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A Case of a Patient with Medical-Refractory Thyroid Storm Treated Successfully by Surgical Resection
Int J Thyroidol 2023;16(2):200-204
Published online November 30, 2023;
© 2023 Korean Thyroid Association.

Sang Yun Lee1, Jaehoon Kim1, Seongjun Won1,2 and Jung Je Park1,2

Department of Otorhinolaryngology, Gyeongsang National University College of Medicine and Gyeongsang National University Hospital1, Institute of Health Sciences, Gyeongsang National University2, Jinju, Korea
Correspondence to: Jung Je Park, MD, PhD, Department of Otorhinolaryngology, Gyeongsang National University Hospital, 79 Gangnam-ro, Jinju 52727, Korea
Tel: 82-55-750-8177, Fax: 82-55-759-0613, E-mail:
Received October 23, 2023; Revised November 10, 2023; Accepted November 10, 2023.
This is an open-access article distributed under the terms of the Creative Commons Attribution Non-Commercial License (, which permits unrestricted non-commercial use, distribution, and reproduction in any medium, provided the original work is properly cited.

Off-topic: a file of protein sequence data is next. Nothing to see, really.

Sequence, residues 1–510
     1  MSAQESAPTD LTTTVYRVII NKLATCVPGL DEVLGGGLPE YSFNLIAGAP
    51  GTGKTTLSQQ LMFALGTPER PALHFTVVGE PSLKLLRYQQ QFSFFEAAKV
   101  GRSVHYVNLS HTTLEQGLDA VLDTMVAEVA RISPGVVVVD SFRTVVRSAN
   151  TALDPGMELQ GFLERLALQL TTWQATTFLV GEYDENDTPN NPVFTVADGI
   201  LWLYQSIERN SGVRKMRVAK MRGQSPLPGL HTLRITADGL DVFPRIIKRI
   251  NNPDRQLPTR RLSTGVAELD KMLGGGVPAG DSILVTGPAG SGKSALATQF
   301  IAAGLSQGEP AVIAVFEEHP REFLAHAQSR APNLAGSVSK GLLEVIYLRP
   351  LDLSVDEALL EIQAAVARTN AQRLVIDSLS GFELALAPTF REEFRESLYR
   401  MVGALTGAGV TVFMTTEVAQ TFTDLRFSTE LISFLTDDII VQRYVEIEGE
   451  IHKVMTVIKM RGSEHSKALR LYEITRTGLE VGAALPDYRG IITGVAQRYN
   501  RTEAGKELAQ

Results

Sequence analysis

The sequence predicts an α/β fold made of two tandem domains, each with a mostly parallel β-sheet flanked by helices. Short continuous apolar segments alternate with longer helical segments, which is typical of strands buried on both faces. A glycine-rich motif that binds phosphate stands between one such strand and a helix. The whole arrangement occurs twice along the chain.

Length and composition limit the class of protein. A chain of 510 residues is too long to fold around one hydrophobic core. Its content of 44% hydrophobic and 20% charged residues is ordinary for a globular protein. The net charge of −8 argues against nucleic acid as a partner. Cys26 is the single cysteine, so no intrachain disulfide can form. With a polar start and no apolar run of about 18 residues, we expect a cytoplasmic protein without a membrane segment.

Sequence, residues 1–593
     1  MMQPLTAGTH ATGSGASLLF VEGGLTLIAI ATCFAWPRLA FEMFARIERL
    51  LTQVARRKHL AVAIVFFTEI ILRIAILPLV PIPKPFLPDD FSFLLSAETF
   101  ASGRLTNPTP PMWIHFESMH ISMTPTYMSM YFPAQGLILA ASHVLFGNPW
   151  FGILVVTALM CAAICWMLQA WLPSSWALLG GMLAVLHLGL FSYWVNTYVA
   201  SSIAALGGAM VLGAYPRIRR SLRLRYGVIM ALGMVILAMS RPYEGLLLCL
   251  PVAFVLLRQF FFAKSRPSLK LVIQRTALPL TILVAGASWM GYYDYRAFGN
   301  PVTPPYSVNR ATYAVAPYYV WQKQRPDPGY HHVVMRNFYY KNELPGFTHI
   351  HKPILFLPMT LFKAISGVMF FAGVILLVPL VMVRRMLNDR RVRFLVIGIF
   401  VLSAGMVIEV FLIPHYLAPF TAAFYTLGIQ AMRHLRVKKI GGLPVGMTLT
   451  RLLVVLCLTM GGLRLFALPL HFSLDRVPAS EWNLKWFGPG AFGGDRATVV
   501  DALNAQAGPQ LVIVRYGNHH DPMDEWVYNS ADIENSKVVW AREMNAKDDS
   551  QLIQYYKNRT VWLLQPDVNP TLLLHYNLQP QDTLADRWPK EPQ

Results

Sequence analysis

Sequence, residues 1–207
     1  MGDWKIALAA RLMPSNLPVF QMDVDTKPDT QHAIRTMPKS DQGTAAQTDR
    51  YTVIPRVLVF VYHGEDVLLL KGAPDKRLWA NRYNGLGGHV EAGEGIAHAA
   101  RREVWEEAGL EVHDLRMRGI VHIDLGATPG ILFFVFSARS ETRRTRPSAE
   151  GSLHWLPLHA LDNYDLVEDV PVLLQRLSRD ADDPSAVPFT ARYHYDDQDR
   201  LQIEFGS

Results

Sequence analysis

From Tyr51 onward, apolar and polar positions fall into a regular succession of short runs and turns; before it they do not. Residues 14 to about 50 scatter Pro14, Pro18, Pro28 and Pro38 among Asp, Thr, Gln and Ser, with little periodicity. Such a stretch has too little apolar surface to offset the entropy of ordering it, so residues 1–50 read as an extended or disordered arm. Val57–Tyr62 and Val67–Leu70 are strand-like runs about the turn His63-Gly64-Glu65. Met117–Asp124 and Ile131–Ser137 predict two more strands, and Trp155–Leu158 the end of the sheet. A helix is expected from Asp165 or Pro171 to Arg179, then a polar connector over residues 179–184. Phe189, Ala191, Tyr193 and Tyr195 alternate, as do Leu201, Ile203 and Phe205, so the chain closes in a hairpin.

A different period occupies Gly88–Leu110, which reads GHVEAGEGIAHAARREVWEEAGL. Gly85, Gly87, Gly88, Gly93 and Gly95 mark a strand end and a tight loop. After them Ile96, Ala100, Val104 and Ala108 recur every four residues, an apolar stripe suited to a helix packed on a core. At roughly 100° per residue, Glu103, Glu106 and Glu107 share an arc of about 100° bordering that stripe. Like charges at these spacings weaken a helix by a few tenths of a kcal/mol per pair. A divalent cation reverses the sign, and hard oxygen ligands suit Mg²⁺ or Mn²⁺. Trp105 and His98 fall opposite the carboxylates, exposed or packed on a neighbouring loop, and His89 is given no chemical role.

Thyroid storm is a life-threatening condition caused by elevated thyroid hormone levels. While multidrug treatments, encompassing antithyroid agents, inorganic iodine, and corticosteroids, are typically employed, they may be ineffective in certain cases. We present the case of a 41-year-old woman whose thyroid storm did not respond to standard medical treatments or therapeutic plasma pheresis, which led to a deterioration in her condition. Ultimately, an emergency total thyroidectomy was performed with no postoperative complications, such as recurrent laryngeal nerve injury or bleeding. This case underscores the potential efficacy of emergency thyroidectomy for the management of refractory thyroid storm.
Keywords : Thyroid storm, Thyroidectomy, Thyrotoxicosis, Thyroid crisis